22 SES 05 E, Students' Participation and Communication
This paper connects three themes: widening participation in higher education, boundary crossing, identity and agency and online social networking practices amongst undergraduate students. Increasing participation and equity in higher education is a strong focus of policy, research and practice in many countries (Osbourne, 2003, Hinton-Smith, 2012) and critical to the expansion of higher education globally and to changing international economic and social contexts (David, 2010). This has led towards a wider conception of participation with more emphasis on who goes where and what that experience involves (Reay, David and Ball, 2005). Yet, surprisingly little attention has been paid to how informal networks and interactions and the interweaving of social and study dimensions of university life both online and offline might contribute to under-represented students’ successful participation in HE.
Online social networking is a global social practice, including within university contexts (Madge et al, 2009). Social networking sites (such as Facebook, Instagram) allow individuals to construct a public or semi-public profile within a bounded space, share connections and establish group spaces for specific purposes. Within higher education, research has focused mostly on the potential for formal educational activities (e.g. Sanzhe et al, 2013), transitions to higher education (e.g. DeAndrea et al, 2012) and for sustaining social interactions amongst students (e.g. Madge et al 2009). Yet what is less clear is how these online spaces and the associated practices of students might shape or influence studying and participation throughout university. Säljö argues that digital technologies allow possibilities for new ways of learning and new forms of knowledge (Säljö, 2010). However, digital technologies are neither neutral nor necessarily positive influences (Selwyn, 2011) and online social networks can reinforce existing inequalities and exclusion (Hughes, 2009) and therefore contribute negatively towards some of the challenges of diversity.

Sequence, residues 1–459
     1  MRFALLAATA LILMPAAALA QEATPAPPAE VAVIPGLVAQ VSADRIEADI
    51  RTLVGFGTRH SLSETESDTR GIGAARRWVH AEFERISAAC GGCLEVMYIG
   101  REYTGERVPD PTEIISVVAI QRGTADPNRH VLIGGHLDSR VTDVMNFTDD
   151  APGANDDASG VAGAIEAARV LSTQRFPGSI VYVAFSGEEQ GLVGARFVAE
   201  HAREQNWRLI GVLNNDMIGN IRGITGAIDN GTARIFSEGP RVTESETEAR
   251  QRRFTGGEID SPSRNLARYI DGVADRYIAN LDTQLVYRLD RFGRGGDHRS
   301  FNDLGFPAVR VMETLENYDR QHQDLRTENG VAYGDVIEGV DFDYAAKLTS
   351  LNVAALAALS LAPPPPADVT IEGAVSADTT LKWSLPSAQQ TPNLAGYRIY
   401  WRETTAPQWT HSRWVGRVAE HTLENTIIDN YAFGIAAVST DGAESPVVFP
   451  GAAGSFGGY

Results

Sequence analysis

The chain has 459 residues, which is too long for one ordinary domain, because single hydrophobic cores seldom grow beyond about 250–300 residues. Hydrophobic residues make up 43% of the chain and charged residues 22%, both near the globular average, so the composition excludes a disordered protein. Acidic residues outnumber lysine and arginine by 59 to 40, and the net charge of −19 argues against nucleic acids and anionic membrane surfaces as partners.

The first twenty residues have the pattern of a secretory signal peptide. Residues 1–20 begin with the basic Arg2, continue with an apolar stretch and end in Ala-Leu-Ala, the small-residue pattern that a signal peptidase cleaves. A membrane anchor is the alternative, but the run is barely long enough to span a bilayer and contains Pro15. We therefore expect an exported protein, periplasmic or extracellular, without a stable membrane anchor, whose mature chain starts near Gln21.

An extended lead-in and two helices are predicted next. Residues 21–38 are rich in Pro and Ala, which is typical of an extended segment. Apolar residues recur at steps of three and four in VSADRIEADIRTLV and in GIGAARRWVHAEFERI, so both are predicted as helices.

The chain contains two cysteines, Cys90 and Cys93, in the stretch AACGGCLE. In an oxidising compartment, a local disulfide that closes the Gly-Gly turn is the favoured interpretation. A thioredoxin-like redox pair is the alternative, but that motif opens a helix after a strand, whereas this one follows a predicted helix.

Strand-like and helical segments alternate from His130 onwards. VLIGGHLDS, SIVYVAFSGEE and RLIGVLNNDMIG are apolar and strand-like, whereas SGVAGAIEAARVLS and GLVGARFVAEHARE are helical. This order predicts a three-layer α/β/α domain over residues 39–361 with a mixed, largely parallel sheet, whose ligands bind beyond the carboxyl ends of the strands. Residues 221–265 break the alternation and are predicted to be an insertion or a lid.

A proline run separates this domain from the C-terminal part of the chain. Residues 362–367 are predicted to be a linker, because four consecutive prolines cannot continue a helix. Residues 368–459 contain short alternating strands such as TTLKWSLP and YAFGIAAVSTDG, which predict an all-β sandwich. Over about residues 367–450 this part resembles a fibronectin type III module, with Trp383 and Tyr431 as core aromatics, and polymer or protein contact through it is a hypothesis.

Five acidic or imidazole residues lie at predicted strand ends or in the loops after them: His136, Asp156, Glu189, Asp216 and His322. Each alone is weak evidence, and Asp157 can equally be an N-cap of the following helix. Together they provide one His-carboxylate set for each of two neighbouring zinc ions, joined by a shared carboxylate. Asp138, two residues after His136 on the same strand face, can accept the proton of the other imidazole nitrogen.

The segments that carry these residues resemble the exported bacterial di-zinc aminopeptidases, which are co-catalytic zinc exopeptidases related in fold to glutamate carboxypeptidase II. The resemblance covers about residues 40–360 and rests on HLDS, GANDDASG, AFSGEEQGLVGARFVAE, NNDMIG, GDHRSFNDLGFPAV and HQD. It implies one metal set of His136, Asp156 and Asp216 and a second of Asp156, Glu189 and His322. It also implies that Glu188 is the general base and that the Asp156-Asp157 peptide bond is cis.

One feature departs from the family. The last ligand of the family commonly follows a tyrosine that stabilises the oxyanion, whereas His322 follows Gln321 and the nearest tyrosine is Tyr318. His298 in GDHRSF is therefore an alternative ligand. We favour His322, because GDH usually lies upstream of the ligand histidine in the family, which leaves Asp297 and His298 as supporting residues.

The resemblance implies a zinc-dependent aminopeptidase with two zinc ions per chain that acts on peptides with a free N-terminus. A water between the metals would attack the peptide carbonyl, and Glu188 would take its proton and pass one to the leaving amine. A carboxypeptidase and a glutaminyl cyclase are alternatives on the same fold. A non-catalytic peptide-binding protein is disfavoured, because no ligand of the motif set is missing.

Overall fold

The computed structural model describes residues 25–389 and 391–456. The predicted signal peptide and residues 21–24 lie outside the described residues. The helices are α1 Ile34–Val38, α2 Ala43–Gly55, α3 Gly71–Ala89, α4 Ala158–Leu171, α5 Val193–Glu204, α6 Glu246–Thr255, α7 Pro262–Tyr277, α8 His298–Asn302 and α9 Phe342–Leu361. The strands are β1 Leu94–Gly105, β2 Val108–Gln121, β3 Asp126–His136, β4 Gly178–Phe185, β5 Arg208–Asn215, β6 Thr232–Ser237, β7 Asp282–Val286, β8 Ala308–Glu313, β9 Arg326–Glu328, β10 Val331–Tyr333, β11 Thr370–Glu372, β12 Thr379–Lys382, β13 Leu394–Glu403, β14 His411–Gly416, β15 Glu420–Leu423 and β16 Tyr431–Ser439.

We take a sociocultural positioning which combines sociological, psychological and anthropological perspectives to investigate the social, cultural and educational activities that university students engage in. In particular, we employ Holland et al (1998)’s work on agency and identity in cultural ‘figured worlds’. Drawing on Vygotsky, Bakhtin and Bourdieu, they understand figured worlds as social encounters (such as universities or connected networks or groups) where the positions of those taking part matter. Developing a figured identity within a learning community involves agency through improvisational acts that help to overcome cultural and historical constraints that powerful structures and positions embody (ibid). Increasingly participating in higher education necessarily involves both online and offline interactions, for work and social activities, highlighting the changing spatio-temporal dimensions and continual boundary crossings across social and academic spaces involved in university life. Lemke (2004) argues that spatiality and temporality are related to action or material processes and that we experience space and time as we construct them and therefore they can be mobilised as resources for learning.
This paper draws on a study investigating under-represented undergraduate experiences over one academic year (2013/14) at a UK university. The research questions focus on the extent to which ‘a culture of belonging’ is experienced and how this impacts on informal support and peer relationships, how digital technologies are being mobilised and what challenges or constraints are encountered. This paper highlights the students’ online social networking practices in particular and the extent to which such practices amongst under-represented students expand or limit cultures of belonging and offer potential as socio-academic spaces for supporting participation and identity construction.
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